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Sue Bruns: Conversations with the NSA

(Doorbell rings.)

“Hmmmmn. Who could that be at this hour? (Opens door)  Yes?”

“Hello,  M’am.  Are you Mrs. Bruns, Mrs. Susan Bruns?”

“Yes.  And you are…?”

“Seymore Stuff, NSA.”

“NSA?  Do you have some ID?”

“You can look me up on the internet.”

“I’d rather see some ID.”

“Oh, all right, but that seems so — archaic.  Everything is online today. (Produces ID)  Might I come in?”

“No, I think discussion in the doorway will suffice.  What brings you here?”

“Well, Mrs. Bruns, as you know the NSA has access to all of your online and cell phone activity.”

“Yes.  Um.  I guess I know that.  I … I just never expected the NSA to come and talk to me.  My conversations, online searches, emails, and Facebook posts are all pretty innocuous, so what’s this about?”

“Well, first of all Mrs.  Bruns, Susan, … may I call you Susan?”

“No, I think I’d rather you call me Mrs. Bruns, Mr. Stuff.”

“Ahh, well, Mrs. Bruns, it has come to our attention that you have posted something rather suspicious on your Facebook page.”

“Really?  What would that be?”

“You have posted some things about the weather lately.”

“The weather?  Ahhh. Yeah.  I’ve made some comments about the cold.”

“And you posted some pictures.”


“Tell me, Mrs. Bruns, what is your connection with Canada?”



“I have no ‘connection’ with Canada.  I live a hundred miles south of Canada.  That’s the closest ‘connection’ I have to it.”

“Have you ever smuggled anything across the border either into or out of Canada?”


“Do you have ‘connections’ in Canada with whom you are plotting to overthrow the American government?”


“We have reason to believe that something you posted on your Facebook page contained an encrypted message to your connections in Canada about a route for smuggling contraband from Canada to the U.S. or vice versa.”

“Facebook posting?  Smuggling?  Contraband?  What ARE you talking about?”

“Don’t play stupid with me, Mrs. Bruns.”

“I’m not playing stupid.  This is genuine ignorance here.  I don’t know what you’re talking about.”

“The picture, Mrs. Bruns!  The picture you posted on Facebook!  The one with the encrypted message that said, ‘Meanwhile in Canada.’”

“Ohhhh.  That!  It was just a picture of a plowed road somewhere in Canada with walls of snow so high the vehicles on the road couldn’t see over the top.  I just found it on the Internet and posted it with a comment about the cold — something like, ‘Things could be worse.’  It was just a little joke.”

“The NSA doesn’t believe in little jokes, Mrs. Bruns, not when it comes to international incidents.  Not when it involves people who live just 100 miles from the Canadian border.  Oh sure, you don’t look like a spy or a smuggler with your small frame, your graying hair. You retired school teachers think you are above suspicion.”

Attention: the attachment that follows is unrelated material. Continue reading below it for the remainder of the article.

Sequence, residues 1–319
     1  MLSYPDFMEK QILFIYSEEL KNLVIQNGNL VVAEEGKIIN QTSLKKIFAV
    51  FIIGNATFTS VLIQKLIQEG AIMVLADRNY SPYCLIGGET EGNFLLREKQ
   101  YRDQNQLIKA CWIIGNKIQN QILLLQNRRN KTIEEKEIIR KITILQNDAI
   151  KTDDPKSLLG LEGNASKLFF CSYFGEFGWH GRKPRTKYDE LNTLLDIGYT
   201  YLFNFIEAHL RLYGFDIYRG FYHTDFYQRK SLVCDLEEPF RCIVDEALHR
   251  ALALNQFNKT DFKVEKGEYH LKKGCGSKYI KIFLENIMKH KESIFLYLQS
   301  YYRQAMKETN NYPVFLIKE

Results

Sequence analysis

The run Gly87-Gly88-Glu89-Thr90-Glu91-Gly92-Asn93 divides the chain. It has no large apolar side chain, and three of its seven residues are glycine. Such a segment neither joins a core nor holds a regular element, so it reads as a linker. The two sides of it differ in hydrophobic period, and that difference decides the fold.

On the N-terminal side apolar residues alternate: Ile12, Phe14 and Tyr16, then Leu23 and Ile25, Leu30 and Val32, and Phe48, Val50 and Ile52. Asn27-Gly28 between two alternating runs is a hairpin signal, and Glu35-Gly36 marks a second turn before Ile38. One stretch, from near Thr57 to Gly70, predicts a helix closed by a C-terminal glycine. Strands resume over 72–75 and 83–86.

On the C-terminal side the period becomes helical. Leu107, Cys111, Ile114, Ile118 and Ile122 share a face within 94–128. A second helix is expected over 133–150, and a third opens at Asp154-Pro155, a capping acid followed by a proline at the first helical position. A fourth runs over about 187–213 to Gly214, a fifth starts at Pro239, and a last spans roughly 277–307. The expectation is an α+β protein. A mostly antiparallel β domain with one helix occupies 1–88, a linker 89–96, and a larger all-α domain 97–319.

“Look, I don’t know what you think I’ve done or what encrypted message you think was in that humorous photo I found and posted, but this is ridiculous.  Do I need a lawyer?”

“Time will tell, Mrs. Bruns. It’s not just the photo that concerns us.  We believe the other posting you did the same day included another encrypted message.”

“The cartoon?”

“Yes, Mrs. Bruns, the cartoon with the picture of the man whose posterior had frozen and fallen off.”

“What’s encrypted about that?”

“It wasn’t so much the picture but the caption of the cartoon.”

“The caption?  It simply said, ‘I thought it was just a figure of speech.’”

“Yes, Mrs. Bruns. Would you care to explain to me what that is supposed to mean, to whom it was directed, and why a 60-year-old woman would post such a cartoon?”

“Uh, well, I’d run out of trivial things to say about the weather, came across the cartoon, thought it was funny, and thought my Facebook friends might also find it funny.”

“Aha, Mrs. Bruns.  So how many of your Facebook friends ‘LIKED’ the cartoon?”

“I don’t know.  I didn’t pay any attention.”

“Oh, come on, Mrs. Bruns.  You put something like that on your Facebook page and you don’t even bother to track how many of your ‘friends’ ‘LIKE’ it?”

“No.  It was just funny.  I posted it.  It was 25 below zero. I … I was just commenting on the weather!”

“So you don’t know how many ‘LIKES’ your posting got?”


“Well, we do, Mrs. Bruns. We know how many ‘LIKES’ that cartoon got.”

“How many?”

“NONE, Mrs. Bruns!  Not one!  No one liked that posting.”

“I’m sorry.  I thought it was funny.”

“No, Mrs. Bruns.  It was not a funny cartoon.”

“Okay.  It wasn’t funny to post a cartoon of a guy freezing his butt off.”

“Don’t you understand how things like this look to the NSA?”

“Apparently not.”

“Well, Mrs. Bruns, you do not appear to have the wherewithal to be an American spy or a Canadian smuggler.  This simply seems to be a case of a rather poor sense of humor.”

“I always thought I had a fairly good sense of humor.”

“The NSA doesn’t think so, Mrs. Bruns. Watch what you post in the future so that we won’t have to have a conversation like this again.”


“Have a nice day.  And remember, we’re here to protect you.”